The first thing that has to be said about American comedian Sarah Silverman's bravura first feature is that it is definitely not a family film. Taste is clearly a word she has never heard of. Her language is raw and unfettered, she is vulgar, and her choice of targets for her mordant humour are strictly non-PC - among them Martin Luther King, her seven-year-old lesbian niece, Asians, midgets, blacks, rape, Aids, pornography ("I think there are not enough Jewish women represented in porn," she observes), religion and even the Holocaust.Her humour is designed to shock. Indeed, much of what she says is beyond shocking. But in her defence she is very much an equal opportunity abuser. Deplorable? Possibly. But very funny and surprisingly perceptive, too.
While she is often embarrassing in much the same way as one blushes when a member of your family tells an off-colour joke in company, she triumphs thanks to her clever, observant material, her considerable charm and unique talent as a stand-up comic. And it adds to the effect that the nice Jewish New Hampshire girl looks so demure with it.
Silverman adopts these taboo-busting shock tactics because she is on a mission to stir people into thinking about difficult issues, and rightly realises that challenging comedy is a powerful tool to achieve that. The Holocaust, for example, is not a natural subject for humour - but if people can be made to remember through surprised laughter, then Silverman has, I believe, achieved a laudable object.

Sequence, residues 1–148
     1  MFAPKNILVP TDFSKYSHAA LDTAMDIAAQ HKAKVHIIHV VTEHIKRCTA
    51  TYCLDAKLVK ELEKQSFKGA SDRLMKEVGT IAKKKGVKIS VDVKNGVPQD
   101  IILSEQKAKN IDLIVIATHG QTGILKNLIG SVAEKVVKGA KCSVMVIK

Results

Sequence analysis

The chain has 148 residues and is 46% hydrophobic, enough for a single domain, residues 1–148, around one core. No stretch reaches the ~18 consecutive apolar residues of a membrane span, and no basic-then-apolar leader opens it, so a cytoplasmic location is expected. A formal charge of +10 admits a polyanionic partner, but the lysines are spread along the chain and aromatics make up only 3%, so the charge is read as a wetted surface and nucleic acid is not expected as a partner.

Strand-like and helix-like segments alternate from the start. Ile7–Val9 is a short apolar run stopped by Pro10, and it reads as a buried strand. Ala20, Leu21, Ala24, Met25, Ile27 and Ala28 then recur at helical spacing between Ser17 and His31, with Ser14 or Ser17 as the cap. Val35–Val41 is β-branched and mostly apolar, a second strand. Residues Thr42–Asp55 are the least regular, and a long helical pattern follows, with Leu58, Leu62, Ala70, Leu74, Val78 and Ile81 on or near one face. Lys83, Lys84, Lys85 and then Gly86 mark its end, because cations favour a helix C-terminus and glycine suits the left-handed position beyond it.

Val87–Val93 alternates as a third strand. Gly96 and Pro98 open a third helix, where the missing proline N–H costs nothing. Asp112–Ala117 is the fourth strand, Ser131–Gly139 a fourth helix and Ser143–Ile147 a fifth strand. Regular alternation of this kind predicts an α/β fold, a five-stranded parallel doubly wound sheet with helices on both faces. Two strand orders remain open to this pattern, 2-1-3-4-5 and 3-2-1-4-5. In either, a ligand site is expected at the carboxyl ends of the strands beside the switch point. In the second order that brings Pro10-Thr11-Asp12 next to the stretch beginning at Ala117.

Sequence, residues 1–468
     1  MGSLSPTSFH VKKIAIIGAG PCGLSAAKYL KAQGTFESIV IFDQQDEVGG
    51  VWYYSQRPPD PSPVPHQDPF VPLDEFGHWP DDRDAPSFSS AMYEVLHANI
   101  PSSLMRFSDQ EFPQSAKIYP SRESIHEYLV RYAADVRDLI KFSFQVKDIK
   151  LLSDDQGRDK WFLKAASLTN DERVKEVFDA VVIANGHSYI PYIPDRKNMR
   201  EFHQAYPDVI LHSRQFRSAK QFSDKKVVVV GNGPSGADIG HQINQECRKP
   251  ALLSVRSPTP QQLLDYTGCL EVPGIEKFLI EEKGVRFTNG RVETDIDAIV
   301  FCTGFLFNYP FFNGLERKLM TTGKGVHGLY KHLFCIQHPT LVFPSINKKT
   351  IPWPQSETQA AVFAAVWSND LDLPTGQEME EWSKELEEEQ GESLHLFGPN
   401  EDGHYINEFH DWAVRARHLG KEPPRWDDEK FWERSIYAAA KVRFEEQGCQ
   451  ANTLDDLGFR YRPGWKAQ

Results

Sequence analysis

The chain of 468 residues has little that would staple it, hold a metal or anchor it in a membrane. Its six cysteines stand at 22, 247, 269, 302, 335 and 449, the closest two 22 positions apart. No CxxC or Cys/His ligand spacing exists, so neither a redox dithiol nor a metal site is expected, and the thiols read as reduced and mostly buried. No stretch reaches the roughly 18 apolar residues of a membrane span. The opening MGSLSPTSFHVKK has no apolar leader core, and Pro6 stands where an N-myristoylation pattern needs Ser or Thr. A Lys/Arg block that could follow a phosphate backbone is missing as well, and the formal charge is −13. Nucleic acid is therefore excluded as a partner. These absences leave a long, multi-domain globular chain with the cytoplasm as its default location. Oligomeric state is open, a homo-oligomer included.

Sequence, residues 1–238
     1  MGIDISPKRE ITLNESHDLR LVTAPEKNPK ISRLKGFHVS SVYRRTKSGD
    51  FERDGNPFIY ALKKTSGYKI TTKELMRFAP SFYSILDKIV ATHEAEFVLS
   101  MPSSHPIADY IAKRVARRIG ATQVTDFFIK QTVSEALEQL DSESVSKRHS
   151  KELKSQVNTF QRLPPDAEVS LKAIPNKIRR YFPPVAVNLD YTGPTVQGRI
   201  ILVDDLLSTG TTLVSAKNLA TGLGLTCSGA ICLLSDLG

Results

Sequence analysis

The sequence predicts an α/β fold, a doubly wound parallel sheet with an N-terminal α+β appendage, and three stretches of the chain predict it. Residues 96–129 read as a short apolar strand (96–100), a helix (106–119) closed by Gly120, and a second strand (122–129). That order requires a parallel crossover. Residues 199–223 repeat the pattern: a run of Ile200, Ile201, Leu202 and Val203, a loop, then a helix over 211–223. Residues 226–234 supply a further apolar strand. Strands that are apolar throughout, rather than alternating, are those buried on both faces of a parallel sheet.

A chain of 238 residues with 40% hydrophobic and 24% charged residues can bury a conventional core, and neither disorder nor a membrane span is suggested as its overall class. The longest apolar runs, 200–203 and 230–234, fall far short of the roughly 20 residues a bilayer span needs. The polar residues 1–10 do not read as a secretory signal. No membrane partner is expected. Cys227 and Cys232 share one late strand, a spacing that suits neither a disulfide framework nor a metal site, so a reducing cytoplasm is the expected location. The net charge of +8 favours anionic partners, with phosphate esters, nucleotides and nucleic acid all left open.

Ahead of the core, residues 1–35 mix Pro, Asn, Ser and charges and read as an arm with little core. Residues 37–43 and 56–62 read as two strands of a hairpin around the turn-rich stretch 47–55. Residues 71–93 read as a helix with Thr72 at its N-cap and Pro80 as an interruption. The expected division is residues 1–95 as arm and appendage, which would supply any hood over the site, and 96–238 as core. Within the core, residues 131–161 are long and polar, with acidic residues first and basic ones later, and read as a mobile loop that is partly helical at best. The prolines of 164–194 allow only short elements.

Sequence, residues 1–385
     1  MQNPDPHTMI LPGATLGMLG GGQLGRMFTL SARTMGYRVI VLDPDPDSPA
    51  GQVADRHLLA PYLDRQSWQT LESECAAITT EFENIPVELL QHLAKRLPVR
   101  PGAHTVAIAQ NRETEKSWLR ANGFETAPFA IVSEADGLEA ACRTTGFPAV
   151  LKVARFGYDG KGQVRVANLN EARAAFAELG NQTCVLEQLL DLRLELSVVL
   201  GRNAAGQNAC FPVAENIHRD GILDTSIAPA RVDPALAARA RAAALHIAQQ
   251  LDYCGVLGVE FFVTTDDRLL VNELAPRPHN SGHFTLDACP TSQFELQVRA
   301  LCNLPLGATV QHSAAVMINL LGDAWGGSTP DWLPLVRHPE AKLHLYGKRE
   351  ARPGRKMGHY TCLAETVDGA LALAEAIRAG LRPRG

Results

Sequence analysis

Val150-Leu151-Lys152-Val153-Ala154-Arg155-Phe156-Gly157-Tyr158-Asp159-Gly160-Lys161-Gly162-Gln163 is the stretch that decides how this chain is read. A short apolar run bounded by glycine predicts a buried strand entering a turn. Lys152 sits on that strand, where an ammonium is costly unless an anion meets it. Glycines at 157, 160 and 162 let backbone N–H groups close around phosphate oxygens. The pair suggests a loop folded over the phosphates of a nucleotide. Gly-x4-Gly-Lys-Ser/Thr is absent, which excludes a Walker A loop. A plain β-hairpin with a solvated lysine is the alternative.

This fascinating film record of Silverman performing stand-up comedy in Los Angeles showcases her talent perfectly. She frequently renders her audience helpless with laughter with increasingly outrageous jokes, interspersed with sly sketches and songs (I particularly enjoyed her acid ditty about the incongruity of Jewish people driving German cars).
Silverman is pretty and loaded with a genuine charisma that tends to defuse even her most offensive jokes. It is definitely an adults-only show and near impossible to quote from in a family newspaper, apart, perhaps, from her "apology" to the audience: "I don't care if you think I'm a racist. I just want you to think I'm thin."